The species breeds in North America and winters on the Atlantic coast of the southeastern USA, the Gulf of Mexico coast south to the Yucatán Peninsula, in the Bahamas, Turks & Caicos, and Cuba (Wiersma et al. 2018, Elliott-Smith & Haig 2020). Although it overwinters in small numbers in Puerto Rico (Lewis et al. 2006), it is scarce on Hispaniola (Latta et al. 2006), and only a vagrant to Jamaica (Haynes-Sutton et al. 2009) and the Virgin Islands (seven records on St. Croix; Yntema et al. 2017; and at least three on Anegada; Raffaele 1989, McGowan et al. 2007, eBird 2018). There are no records from the Cayman Islands (Bradley & Rey-Millet 2013, Kirwan et al. 2019). In the Lesser Antilles, it is a vagrant on Anguilla (Holliday et al. 2015), St. Martin (eBird 2018), St. Kitts (Steadman et al. 1997), Antigua (Elliott-Smith et al. 2009), Guadeloupe (Levesque & Jaffard 2002, Levesque & Saint-Auret 2007), Martinique (Levesque et al. 2005) and Barbados (Buckley et al. 2009). Furthermore, there are two records from the Atlantic coast of Central America: a bird photographed in Honduras in October 2012 (Gallardo 2014), and a flock of six in Nicaragua in February 2000 (Martínez-Sánchez 2007). In the southern Caribbean there are at least two documented records on Bonaire, 96 km off the Venezuelan coast (Prins et al. 2009, eBird 2018). On the Pacific coast, it is rare and irregular in Mexico, from Sonora to Nayarit (Howell & Webb 1996), and there is one record from Costa Rica in November 2009 (Zook 2010). A specimen from south-west Ecuador, collected in October 1955 and now held at the Natural History Museum, Tring (NHMUK 1956.5.6), is the only confirmed record in mainland South America (Marchant 1956). Although there is a published record from far northern Brazil (Azevedo et al. 2003), this has not been repeated elsewhere (see Elliott-Smith & Haig 2020) and the reported specimens are actually of Semipalmated Plovers Charadrius semipalmatus (Piacentini et al. 2015, Pacheco & Agne 2019).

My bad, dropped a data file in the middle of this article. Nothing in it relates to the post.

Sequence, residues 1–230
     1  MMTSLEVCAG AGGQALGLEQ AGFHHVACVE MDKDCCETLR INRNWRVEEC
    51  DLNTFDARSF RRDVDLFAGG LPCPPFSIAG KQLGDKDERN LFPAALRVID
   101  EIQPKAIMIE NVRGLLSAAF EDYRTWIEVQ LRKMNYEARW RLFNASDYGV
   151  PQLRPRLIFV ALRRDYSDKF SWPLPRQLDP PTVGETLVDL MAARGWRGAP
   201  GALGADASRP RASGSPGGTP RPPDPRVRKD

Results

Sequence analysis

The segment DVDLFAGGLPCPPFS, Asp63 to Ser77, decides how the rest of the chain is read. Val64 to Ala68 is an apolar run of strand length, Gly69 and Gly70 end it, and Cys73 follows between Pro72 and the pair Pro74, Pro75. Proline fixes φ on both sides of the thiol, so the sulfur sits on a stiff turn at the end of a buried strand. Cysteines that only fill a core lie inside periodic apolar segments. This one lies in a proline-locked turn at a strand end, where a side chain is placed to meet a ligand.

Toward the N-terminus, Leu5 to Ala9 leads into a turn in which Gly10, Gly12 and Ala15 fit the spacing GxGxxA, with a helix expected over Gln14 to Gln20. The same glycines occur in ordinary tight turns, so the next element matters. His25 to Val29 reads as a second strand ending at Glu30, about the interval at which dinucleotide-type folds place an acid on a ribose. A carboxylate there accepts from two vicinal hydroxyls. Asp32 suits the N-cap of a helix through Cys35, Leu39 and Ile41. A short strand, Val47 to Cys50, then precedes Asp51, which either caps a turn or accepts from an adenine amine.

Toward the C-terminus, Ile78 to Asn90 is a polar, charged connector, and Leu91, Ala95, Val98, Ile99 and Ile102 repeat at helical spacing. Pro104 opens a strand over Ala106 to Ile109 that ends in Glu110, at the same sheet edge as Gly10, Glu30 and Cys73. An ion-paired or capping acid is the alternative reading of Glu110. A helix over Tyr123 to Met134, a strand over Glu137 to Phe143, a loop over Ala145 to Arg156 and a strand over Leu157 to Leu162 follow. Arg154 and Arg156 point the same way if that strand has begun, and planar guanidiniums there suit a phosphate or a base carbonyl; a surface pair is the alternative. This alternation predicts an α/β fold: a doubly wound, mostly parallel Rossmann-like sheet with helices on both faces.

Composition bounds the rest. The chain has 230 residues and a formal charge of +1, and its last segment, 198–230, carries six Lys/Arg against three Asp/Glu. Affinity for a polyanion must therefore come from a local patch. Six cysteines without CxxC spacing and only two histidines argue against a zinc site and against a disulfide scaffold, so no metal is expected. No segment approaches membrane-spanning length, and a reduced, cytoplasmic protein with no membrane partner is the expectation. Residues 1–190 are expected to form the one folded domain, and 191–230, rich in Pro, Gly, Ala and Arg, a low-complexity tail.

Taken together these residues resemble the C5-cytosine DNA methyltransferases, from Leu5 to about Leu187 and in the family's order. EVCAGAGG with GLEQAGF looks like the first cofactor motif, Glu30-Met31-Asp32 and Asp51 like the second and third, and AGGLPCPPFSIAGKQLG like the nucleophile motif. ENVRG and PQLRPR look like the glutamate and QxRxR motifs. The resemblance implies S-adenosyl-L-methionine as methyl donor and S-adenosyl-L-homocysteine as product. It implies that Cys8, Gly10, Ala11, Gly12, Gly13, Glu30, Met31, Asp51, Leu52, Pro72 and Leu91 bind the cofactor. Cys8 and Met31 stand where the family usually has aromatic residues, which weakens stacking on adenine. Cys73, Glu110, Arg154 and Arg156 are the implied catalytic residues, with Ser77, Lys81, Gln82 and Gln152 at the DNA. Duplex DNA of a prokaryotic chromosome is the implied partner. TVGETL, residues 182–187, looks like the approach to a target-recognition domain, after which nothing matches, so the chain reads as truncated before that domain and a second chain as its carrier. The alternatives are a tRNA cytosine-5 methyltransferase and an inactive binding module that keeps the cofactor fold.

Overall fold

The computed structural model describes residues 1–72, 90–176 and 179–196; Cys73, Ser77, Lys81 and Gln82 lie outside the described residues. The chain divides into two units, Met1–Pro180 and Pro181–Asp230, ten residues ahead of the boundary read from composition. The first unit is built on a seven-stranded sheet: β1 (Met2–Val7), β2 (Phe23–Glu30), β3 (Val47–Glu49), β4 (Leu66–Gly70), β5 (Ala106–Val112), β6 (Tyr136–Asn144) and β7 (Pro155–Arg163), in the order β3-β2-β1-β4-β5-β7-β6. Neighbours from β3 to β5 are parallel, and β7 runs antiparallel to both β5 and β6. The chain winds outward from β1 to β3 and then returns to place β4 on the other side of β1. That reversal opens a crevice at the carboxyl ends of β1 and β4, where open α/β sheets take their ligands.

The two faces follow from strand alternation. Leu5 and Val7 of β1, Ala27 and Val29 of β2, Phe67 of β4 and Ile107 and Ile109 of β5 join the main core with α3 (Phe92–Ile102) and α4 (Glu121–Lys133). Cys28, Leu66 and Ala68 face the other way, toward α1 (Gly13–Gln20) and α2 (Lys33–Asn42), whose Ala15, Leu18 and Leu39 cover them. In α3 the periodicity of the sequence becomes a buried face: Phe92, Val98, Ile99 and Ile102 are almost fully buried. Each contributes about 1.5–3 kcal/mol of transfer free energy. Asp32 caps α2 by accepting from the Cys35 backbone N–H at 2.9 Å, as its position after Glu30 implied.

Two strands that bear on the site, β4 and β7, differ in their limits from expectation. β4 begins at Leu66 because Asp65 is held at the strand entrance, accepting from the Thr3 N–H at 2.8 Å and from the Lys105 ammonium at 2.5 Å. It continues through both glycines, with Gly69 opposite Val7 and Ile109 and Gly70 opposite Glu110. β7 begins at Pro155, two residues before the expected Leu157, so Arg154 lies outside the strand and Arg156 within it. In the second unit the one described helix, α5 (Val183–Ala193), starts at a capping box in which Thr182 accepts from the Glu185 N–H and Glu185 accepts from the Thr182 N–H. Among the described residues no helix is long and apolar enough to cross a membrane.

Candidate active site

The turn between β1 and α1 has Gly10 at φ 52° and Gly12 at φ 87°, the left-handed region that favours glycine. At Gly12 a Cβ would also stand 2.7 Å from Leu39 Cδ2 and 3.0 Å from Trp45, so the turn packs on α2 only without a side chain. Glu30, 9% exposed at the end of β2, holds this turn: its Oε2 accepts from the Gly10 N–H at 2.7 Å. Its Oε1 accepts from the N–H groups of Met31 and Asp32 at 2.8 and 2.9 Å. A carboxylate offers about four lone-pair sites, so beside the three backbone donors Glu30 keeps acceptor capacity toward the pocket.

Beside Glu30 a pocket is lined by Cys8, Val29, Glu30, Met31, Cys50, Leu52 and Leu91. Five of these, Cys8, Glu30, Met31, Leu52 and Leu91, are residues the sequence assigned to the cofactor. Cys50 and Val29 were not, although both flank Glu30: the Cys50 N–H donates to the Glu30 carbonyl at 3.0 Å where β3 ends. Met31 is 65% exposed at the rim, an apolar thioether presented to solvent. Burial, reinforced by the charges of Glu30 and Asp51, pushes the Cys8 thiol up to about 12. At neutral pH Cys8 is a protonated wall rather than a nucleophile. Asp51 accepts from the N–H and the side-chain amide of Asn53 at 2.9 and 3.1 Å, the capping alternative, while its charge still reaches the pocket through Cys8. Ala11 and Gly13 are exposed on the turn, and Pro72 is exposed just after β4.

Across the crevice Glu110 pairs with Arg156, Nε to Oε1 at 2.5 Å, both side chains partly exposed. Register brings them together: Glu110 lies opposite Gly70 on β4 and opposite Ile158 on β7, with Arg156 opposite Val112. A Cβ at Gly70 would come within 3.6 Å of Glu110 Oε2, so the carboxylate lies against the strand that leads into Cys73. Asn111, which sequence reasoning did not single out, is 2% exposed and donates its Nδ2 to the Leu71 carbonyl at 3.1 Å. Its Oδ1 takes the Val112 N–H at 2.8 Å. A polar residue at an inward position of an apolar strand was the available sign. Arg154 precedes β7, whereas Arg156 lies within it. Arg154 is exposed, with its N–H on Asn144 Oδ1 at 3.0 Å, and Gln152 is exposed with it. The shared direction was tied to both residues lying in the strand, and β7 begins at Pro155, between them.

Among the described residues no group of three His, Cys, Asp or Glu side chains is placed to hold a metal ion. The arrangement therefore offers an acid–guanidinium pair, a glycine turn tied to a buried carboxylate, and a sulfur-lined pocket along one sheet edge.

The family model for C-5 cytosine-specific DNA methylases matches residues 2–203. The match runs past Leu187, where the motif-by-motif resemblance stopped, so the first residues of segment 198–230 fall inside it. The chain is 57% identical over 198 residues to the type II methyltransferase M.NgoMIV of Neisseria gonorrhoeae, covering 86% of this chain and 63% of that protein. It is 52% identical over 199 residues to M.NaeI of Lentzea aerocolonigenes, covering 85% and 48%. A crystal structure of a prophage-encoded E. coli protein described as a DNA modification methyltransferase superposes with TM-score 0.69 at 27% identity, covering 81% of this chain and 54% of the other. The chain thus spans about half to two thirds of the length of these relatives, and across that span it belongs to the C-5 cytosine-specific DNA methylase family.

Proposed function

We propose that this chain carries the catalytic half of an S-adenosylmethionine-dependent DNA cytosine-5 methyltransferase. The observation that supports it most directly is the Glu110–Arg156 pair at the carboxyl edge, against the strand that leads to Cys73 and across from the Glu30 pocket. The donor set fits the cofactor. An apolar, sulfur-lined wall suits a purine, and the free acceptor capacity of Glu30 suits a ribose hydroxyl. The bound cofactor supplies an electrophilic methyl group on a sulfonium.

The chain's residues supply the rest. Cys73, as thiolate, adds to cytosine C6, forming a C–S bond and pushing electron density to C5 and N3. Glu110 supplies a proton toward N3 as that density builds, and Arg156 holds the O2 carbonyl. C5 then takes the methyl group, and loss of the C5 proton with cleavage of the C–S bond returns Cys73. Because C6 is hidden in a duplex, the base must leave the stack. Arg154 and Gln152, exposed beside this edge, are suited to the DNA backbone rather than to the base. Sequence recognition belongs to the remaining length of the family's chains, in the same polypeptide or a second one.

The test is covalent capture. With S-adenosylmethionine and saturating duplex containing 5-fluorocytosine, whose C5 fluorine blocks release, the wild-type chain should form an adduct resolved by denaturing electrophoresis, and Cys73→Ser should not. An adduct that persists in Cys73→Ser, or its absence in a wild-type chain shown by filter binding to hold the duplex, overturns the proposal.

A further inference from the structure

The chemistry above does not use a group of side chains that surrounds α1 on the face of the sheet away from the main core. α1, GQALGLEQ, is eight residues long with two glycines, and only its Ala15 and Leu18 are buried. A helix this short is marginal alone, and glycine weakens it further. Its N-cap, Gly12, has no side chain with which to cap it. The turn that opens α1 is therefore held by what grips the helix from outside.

We present two more records for South America, more than 50 years since the first record in Ecuador. On 25 February 2018, several of us were undertaking shorebird counts on the Paraguaná Peninsula, Falcón state, north-west Venezuela, as part of a Western Hemisphere Shorebird Reserve Network study. Field work commenced shortly after dawn at the sandy spit of Playa El Pico on the west side of the peninsula (11°51′20″N, 70°18′00″W; Fig. 1). A mixed flock of small shorebirds was foraging on the south side of the spit. It comprised 43 Sanderling Calidris alba and three Semipalmated Sandpipers C. pusilla. At 07.30 h, JM, who had moved further west along the spit to photograph the flock, flushed what he initially thought to be a Snowy Plover Charadrius nivosus, a low-density species on the Caribbean coast of Venezuela. The flock flew closer to the other observers while the bird in question landed amongst seaweed 1–2 m higher up the beach and began foraging c.30 m away. The behaviour did not match C. nivosus and, as its head shape, more vertical stance and short runs were more reminiscent of C. melodus, CJS suggested that the observers move closer to the bird to ascertain its identity. Almost immediately the bright orange legs were seen, eliminating C. nivosus and reinforcing identification as C. melodus. Over the next 30 minutes, the bird was observed from 10 m by four observers and photographs (Figs. 2–3) were obtained by JM & CJS. This individual was not ringed.